Learn and Play on Snow Days

Stacia Jackson is the Education Manager for Jumpstart.

As a child growing up in northwest New Jersey, I was always incredibly excited for the first snow. There was something magical about waiting for the first few flakes to fall. After dark, my mother would turn the lights out upstairs and turn on only the outdoor lights. “Look,” my mother would say as my younger brother and I pressed our noses against the windows, “sparkle snow.” Sure enough, the snow outside would glisten like glitter had fallen from the sky. We would stand there breathless, just watching the snow fall, and add to the drifts of sparkle snow accumulating around outside.

The best part of the snow was going outside, which required lots of layers. Our favorite snowy day activity was sledding. There was a slightly hill in our backyard but to us, it was a mountain. We would pretend to be explorers, hiking up the largest mountain in the world. Upon reaching the top, we would be greeted by the abominable snowman and sled away to safety. This game would be repeated until the sun began to set and we were summoned inside. With bright red cheeks, we would remove all of our snow gear and be wrapped in warm blankets by the fireplace to thaw. As we drank steaming mugs of hot chocolate, our mother would read picture books aloud.

Memories of our days playing in the snow have always reminded me of Jan Brett’s The Hat. She tells the story of Lisa and the adventure her sock has. After one of her socks falls off the clothesline, a curious hedgehog named Hedgie finds it. As he investigates the sock, it gets stuck to him! Adorned with his new hat, Hedgie encounters a host of laughing critters, who tease poor Hedgie about his absurd hat. You’ll have to read the book to discover how Hedgie gets the last laugh!

This story will delight readers of all ages. Jan Brett’s illustrations and engaging storytelling will transport you to a Scandavian forest full of chatty, giggling animals. Jan Brett uses rich colors and incredible detail to bring her story to life. You can bring her world to life too from your own home! Using crayons and white construction paper draw a scene from the book. After you’re done, it’s time to make it snow! Combine four tablespoons of salt with a quarter cup of warm water (the warm water will help the salt dissolve) in a small bowl. Stir well. Dip a paintbrush into the salt mixture and paint over the entire picture. Every time the paintbrush is dipped in the saltwater, be sure to stir it! The more salt that ends up on the brush, the better! This will help create your very own sparkle snow. After the entire paper is covered in the saltwater mixture, leave it to dry. The water will evaporate, leaving salt crystals that resemble snow.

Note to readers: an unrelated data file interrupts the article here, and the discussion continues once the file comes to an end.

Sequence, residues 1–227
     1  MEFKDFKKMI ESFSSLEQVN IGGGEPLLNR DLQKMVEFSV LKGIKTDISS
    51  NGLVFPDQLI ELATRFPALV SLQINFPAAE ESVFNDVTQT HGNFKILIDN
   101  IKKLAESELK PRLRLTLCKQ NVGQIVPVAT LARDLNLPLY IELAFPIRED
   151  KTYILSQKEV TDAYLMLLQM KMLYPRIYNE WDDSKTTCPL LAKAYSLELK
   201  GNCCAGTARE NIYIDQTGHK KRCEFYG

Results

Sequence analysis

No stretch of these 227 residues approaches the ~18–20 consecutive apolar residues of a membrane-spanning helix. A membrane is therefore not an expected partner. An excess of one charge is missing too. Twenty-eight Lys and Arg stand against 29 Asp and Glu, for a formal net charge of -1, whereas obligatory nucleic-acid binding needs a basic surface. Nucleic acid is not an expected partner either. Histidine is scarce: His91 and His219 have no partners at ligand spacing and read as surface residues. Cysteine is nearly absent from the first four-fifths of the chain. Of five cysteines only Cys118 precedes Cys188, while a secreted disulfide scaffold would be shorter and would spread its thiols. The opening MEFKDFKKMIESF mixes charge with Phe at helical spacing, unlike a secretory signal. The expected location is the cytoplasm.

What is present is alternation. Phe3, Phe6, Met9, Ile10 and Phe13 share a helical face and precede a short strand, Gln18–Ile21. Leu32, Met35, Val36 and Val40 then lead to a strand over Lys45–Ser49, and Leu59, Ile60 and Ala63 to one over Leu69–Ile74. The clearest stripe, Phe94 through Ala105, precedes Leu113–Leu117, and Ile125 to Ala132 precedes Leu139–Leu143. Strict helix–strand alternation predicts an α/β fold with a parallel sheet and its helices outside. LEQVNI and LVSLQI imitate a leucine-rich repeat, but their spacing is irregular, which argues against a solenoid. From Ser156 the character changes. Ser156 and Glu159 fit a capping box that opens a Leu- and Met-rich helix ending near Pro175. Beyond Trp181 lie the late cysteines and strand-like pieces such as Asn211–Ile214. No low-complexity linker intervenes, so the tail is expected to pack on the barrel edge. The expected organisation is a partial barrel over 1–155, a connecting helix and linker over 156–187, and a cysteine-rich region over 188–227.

Looking for a sensory based activity to do? Make it snow inside. This recipe can be doubled or halved, depending on the amount of flour you have and would like to use. Take eight cups of flour and pour it into the center large container. Create a crater in the center and pour one cup of vegetable oil. Gently combine your ingredients to create a fun, mushy, pliable snow-like dough. What can you make with the snow? Add in figurines or the makings of a snowman for some extra snow-based fun.

After arts and crafts, take part in a scavenger hunt. Scour the house looking for items that start with /h/ as in hat and /s/ as in sock. Make a list of all of the items you find. Which letter was easier to find items for? Which letter was harder? When that game is done, time to play a matching game! Empty out a sock drawer and lay all of the socks out in front of you. Be sure to mix them up! Match up all of the socks (and see if you have any missing their mate!). While you’re matching socks, be sure to talk about the colors, patterns, and textures of each sock. Do any of your socks look like Lisa’s?

The Hat provides so many opportunities to play with the child in your life. As you take part in these activities, be sure to ask open ended questions that start with how, what, or why. The memories of playing alongside each other last a lifetime.

Together, we can help all children build the key language and literacy skills they need to take on the world.

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